Kelly watched the local news each Sunday night, keeping an eye out for news of how many shootings occurred in her school’s district over the weekend. One Sunday evening, the name of the mother of one of her students scrolled through the headline, and Kelly, still determined to give the Lord and the school community her best, visited the grieving family to offer her condolences.

“In a year and a half, parents could see a difference, and started to trust me, that I would do the right thing for their children,” Kelly said.

Through the next few years, the focus began to shift toward how best to steward the school budget and engage the community.

The budgetary priority was creating educational experiences. Whenever there was margin in the funding, teachers and administrators got busy making plans. Students who would never have gone to the state capitol to see the legislature in action, or experienced a guided nature walk with a park ranger or visited an aquarium to learn from marine biologists were suddenly exposed to a variety of enriching experiences that revealed the opportunities open to them through education.

“We kept data on all the students to see where they may be helped, and track their improvement and growth,” Kelly said.

She also brought in community partners to personally pour into the lives of the children. A local cardiologist helped fund the educational experiences, while a dentist from the community chose to invest in the school by rewarding high-achieving students with a nice lunch off campus, and a ride in a limousine on the way back to school.

When Kelly saw a need for more positive influences, she reached out to a neighborhood pastor. The pastor gathered a group of men – all professionals and well-respected in their fields – to volunteer their Saturday mornings providing additional math and science lessons, and along the way, mentorship and prayer for the students.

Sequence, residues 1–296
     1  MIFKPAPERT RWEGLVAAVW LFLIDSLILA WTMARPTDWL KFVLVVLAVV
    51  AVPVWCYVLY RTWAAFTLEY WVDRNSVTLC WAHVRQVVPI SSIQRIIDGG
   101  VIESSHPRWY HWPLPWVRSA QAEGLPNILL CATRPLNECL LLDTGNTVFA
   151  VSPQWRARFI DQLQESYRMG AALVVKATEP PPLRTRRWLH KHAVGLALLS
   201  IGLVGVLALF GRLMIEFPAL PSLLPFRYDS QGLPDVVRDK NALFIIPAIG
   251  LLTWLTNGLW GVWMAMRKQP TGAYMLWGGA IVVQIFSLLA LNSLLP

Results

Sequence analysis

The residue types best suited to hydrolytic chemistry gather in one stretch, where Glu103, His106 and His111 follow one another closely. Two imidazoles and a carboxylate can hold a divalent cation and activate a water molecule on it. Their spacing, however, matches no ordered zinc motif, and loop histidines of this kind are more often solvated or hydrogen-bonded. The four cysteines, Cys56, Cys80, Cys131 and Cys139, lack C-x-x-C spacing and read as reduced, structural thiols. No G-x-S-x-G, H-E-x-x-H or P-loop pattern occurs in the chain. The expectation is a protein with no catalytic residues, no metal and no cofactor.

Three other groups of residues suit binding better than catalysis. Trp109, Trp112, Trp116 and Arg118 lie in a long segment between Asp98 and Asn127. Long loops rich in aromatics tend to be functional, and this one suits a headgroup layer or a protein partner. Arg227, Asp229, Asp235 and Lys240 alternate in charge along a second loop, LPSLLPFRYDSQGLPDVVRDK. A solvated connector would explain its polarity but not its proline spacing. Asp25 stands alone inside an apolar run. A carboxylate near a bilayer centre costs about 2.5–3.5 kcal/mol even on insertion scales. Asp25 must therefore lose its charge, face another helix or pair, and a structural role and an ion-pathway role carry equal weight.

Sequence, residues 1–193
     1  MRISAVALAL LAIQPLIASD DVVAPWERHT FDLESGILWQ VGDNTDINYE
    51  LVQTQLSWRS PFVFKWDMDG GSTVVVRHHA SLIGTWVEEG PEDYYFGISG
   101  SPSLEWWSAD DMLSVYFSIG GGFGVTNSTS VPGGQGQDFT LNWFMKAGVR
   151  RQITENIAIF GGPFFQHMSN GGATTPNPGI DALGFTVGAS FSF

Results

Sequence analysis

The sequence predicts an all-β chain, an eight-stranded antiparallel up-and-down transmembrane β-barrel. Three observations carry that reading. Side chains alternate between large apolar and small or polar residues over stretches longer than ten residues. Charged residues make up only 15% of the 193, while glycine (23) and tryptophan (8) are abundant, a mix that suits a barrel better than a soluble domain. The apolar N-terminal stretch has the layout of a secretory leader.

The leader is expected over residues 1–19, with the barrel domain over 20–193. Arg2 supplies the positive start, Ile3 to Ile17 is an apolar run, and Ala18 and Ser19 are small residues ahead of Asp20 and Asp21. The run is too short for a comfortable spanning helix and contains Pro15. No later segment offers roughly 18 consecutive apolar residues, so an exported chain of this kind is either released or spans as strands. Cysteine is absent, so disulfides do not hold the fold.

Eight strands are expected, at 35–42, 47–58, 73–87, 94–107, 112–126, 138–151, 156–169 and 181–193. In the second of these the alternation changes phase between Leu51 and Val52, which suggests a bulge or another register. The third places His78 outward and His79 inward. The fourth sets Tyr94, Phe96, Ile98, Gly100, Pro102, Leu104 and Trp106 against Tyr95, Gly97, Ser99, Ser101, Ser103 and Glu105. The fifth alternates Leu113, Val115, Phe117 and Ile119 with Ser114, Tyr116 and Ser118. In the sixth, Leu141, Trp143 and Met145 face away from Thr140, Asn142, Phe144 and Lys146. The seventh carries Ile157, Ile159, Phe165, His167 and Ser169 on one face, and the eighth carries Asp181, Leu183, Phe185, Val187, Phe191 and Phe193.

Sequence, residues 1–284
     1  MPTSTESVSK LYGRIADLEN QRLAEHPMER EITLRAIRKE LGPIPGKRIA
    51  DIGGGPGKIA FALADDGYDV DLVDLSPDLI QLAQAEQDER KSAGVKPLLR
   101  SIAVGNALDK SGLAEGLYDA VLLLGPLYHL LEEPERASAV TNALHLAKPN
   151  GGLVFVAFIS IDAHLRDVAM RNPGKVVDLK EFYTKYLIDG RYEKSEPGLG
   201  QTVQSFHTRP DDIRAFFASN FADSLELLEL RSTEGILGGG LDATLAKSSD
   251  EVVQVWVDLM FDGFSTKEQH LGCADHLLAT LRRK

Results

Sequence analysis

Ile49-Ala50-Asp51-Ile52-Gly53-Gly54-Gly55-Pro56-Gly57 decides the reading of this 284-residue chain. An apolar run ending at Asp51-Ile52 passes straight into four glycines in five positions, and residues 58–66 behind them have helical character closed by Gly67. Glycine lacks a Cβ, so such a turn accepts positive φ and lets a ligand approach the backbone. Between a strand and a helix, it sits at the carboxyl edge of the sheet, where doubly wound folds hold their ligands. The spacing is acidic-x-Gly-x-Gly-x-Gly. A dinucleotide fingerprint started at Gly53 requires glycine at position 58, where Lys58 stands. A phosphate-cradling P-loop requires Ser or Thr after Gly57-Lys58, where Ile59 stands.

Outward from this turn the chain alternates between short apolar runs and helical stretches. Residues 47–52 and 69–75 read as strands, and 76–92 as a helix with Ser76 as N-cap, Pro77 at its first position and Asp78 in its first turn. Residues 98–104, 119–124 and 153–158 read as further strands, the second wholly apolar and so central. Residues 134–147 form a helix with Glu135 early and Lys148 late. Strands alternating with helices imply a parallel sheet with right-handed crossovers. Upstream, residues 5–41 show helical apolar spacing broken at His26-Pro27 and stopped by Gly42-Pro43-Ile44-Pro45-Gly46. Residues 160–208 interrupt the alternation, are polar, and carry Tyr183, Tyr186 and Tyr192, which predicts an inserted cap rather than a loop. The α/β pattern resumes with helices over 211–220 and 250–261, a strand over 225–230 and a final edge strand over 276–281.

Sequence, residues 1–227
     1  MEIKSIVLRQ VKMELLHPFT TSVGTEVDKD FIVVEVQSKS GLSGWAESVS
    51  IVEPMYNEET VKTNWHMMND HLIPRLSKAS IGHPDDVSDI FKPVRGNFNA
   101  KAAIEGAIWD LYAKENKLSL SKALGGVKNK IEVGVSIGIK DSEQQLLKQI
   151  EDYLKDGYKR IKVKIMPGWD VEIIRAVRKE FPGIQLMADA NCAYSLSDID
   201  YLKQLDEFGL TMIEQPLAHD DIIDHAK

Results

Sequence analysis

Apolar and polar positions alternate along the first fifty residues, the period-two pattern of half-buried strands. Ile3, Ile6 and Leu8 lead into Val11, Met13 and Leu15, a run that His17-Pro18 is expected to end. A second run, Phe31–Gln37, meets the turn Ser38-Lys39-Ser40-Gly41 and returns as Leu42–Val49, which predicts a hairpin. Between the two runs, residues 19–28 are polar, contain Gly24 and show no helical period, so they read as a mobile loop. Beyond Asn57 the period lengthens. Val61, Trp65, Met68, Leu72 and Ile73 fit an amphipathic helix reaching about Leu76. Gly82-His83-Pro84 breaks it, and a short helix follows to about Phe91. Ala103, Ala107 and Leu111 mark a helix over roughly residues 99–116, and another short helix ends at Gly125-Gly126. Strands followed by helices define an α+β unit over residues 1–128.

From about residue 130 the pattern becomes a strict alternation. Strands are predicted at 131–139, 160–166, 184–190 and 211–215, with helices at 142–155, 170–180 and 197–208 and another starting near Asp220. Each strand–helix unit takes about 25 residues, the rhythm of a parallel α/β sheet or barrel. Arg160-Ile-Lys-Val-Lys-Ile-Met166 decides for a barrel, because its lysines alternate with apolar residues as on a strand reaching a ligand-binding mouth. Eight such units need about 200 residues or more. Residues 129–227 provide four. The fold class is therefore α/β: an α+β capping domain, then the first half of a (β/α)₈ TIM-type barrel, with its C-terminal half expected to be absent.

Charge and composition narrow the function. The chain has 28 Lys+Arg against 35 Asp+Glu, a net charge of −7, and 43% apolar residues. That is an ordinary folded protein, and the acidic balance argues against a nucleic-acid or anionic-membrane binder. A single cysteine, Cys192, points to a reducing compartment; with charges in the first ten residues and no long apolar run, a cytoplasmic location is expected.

In the span of five years, Kelly led the lowest performing school in the district through a transformation, and by the end of the process, achieved the best school ratings possible!

“I believe God put me there on purpose, for the ministry we created as a group,” Kelly said.

This is the kind of community-shaping, life-changing, God-glorifying works we ask for when we pray for school leaders!

Will you pray with me right now?

Lord Jesus, You are the source of all good gifts – the gift of leadership, the gift of creative vision, the gift of building strong partnerships… all the talents and abilities that make a good school leader. I pray for the leaders of the schools that are both near to me and dear to me – that they would walk in the calling You have placed on their lives to make a positive impact on young people. Guide them with boldness and love just as you did principal Kelly, to relentlessly advocate for the wellbeing and flourishing of every child, physically, mentally, emotionally, academically, and spiritually. I pray that students would know their school leaders see them as Your precious creation. Direct the decisions of school leaders toward being good stewards of relationships, role models, rewards, and resources for the school. In Jesus name I pray, amen.

Peace and blessings,
Amy Parks
Communications Coordinator